Starring: Justin Long, Jonah Hill, Adam Herschman, Blake Lively, Columbus Short, Maria Thayer, Lewis Black
Director: Steve Pink
Going to see a film like “Accepted” is a lot like sticking your head in the microwave. You don’t know what to expect. Of course, the college comedy isn’t exactly a new venture. It’s been done countless times before, and in many cases, much better than director Steven Pink’s sophomoric debut. Due to a disappointing summer movie season filled with overbloated pirate epics and talking CGI animals, however, I was willing to forgo any obvious similarities to films like “Animal House” and “PCU” and give it a fair shot. Surprisingly enough, the film is actually one of the funniest comedies of the year, thanks in part to a near-perfect performance by star Justin Long and a hearty helping of Skepticism 101 by “The Daily Show” contributor Lewis Black.
Apple Mac poster boy Long plays Bartleby Gaines, a recent high school graduate who’s found himself in an unusual situation: despite applying to several universities, he hasn’t been accepted to a single one. Apparently, community college doesn’t exist in the small town of Harmon, OH where the Gaines family resides. Feeling the heat of his parent’s disappointment when they discover that their only son won’t be attending college, Bartleby does what any other desperate teenager would do: he makes one up. With the help of his friends Sherman, Hands and Rory (Jonah Hill, Columbus Short and Maria Thayer, respectively), Bartleby legitimizes his acceptance by designing a website for the school (the South Harmon Institute of Technology, or S.H.I.T.) and leasing an old psych ward that he dresses up to resemble a college campus.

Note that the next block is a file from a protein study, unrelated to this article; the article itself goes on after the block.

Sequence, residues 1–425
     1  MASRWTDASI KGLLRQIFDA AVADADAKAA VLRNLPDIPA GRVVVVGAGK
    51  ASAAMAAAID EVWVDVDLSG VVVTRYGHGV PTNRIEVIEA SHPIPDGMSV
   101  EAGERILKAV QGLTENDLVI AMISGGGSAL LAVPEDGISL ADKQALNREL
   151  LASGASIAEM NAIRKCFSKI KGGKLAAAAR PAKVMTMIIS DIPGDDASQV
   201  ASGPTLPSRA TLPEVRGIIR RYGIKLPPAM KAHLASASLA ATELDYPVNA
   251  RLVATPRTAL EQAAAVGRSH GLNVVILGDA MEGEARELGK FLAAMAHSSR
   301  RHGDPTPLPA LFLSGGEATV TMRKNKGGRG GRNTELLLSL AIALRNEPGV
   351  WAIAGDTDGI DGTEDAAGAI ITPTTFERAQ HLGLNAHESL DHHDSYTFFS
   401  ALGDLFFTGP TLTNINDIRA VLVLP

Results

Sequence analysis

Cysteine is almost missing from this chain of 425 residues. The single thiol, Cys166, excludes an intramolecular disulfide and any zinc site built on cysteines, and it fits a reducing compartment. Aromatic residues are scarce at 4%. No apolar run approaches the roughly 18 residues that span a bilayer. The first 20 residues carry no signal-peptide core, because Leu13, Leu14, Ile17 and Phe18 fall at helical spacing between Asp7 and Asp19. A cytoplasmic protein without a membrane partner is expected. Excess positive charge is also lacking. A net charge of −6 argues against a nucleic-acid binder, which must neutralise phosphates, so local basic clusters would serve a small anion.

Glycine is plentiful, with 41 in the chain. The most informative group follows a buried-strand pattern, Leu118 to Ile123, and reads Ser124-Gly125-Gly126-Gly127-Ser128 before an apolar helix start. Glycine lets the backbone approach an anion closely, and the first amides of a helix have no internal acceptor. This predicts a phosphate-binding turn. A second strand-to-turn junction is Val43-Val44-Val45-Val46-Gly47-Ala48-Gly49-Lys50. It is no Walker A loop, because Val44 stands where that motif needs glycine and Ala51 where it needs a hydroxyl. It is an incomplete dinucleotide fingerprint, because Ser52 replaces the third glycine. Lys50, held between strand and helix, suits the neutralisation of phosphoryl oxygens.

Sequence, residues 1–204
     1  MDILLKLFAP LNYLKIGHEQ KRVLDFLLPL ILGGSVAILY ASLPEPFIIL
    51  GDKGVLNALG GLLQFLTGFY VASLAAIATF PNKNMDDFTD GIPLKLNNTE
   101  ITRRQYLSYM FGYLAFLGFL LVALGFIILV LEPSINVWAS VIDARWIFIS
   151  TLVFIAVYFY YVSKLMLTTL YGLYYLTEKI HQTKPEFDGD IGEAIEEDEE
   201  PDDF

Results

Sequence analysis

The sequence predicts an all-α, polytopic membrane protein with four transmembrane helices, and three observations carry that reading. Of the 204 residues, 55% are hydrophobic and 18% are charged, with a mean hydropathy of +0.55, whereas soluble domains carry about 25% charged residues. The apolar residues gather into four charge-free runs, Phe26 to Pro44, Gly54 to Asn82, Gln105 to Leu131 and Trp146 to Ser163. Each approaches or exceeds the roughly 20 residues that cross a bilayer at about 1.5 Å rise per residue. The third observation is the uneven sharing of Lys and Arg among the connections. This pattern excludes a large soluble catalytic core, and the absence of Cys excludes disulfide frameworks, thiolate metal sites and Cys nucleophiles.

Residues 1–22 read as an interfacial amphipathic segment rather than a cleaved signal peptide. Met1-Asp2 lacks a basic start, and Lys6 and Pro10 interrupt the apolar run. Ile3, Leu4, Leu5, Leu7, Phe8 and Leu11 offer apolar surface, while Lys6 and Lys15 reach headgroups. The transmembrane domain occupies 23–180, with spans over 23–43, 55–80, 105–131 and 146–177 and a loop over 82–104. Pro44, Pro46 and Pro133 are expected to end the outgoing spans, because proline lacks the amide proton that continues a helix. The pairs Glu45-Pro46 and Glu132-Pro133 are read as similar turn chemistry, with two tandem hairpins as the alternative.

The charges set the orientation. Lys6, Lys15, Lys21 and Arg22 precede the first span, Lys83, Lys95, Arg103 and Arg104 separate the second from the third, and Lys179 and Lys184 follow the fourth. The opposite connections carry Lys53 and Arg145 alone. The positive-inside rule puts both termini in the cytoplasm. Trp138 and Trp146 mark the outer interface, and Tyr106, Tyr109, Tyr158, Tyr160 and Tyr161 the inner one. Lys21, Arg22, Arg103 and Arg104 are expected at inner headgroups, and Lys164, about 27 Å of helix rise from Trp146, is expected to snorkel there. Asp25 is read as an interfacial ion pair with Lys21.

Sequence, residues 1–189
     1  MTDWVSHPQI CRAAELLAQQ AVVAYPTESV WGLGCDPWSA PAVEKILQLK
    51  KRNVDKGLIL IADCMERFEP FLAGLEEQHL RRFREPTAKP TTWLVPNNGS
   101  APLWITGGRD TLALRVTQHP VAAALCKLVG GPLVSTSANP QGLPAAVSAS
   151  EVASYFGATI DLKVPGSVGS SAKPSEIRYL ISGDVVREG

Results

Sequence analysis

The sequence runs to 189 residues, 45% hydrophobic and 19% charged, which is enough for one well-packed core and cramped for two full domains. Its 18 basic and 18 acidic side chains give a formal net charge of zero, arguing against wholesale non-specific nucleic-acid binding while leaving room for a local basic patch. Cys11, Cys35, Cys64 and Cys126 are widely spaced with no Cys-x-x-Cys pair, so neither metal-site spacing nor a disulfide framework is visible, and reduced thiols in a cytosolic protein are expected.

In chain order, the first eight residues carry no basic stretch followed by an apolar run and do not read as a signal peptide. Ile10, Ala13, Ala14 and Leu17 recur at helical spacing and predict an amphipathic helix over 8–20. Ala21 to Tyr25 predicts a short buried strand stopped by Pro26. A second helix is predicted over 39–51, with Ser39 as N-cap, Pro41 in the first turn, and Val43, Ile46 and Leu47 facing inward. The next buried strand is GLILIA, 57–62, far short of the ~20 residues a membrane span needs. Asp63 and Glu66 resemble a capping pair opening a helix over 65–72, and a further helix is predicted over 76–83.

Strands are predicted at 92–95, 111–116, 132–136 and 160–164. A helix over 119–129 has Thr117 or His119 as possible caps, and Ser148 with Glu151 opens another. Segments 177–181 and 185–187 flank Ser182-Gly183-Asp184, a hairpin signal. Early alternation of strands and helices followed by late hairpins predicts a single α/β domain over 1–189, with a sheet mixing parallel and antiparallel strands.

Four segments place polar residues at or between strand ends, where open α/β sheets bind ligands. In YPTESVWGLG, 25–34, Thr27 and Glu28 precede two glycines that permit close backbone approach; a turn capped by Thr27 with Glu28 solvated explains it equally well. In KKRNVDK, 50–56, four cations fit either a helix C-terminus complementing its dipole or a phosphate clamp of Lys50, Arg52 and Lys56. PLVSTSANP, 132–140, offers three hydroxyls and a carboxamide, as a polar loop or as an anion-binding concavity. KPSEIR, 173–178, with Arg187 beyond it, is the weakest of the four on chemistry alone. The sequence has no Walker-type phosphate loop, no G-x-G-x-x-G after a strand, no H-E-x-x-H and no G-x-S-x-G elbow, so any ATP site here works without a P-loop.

The hoax works, a little too well, of course, and when a group of new students show up at the front doors on the first day of “orientation” (with tuition checks in hand), Bartleby discovers that the website’s “Acceptance is Just One Click Away” link was programmed to actually work. Hiring Sherman’s uncle (Black) – a former college professor – to play the part of Dean and creating a do-it-yourself curriculum where the student teaches himself, Bartleby finally realizes the amazing possibilities of his fake college just as the Dean of the real Harmon College (Anthony Heald) threatens to close it down.
“Accepted” doesn’t necessarily offer anything we haven’t seen before, but the jokes that are featured are ones that fans of the genre won’t mind seeing done again. The cast of oddball characters is prominently featured (including a guy with a serious case of ADD, and another who majors in blowing things up with his mind), while the feel-good ending arrives just in time before the curtains close. Long does a commendable job as the film’s klutzy lead (tripping over couches and running into doors) and Black turns in an entertaining supporting performance as a version of himself, but its relative newcomer Hill that proves to be the film's funniest character, stealing nearly every scene with an endless barrage of witty one-liners, brazen gags and embarrassing outfits.
Unfortunately, not too many people will get a chance to see “Accepted” (it opens the same weekend as the summer’s most anticipated film, “Snakes on a Plane," and is widely considered the Worst Film of the Year by many people who haven't even seen it ), but you definitely should if given the chance. Pink has proven himself capable of comedy before, with writing credits that include “High Fidelity” and “Grosse Point Blank” – which is actually quite ideal considering Long isn’t far from becoming this generation’s John Cusack – and it’s obvious that he hasn’t lost his touch. It’s his first gig as a director, though, and he's in desperate need of a little acceptance. How about helping the guy out?
Deleted scenes and outtakes highlight this single-disc release of the late-summer comedy, but the rest of the special features are pretty lame. A short making-of featurette (“Reject Rejection”) and a video diary with Adam Herschman (“Adam’s Accepted Chronicles”) are among the duds on the DVD, while the feature commentary with director Steve Pink and stars Justin Long, Lewis Black, Jonah Hill and Herschman is way too crowded with eccentric personalities to feign any sort of coherent entertainment.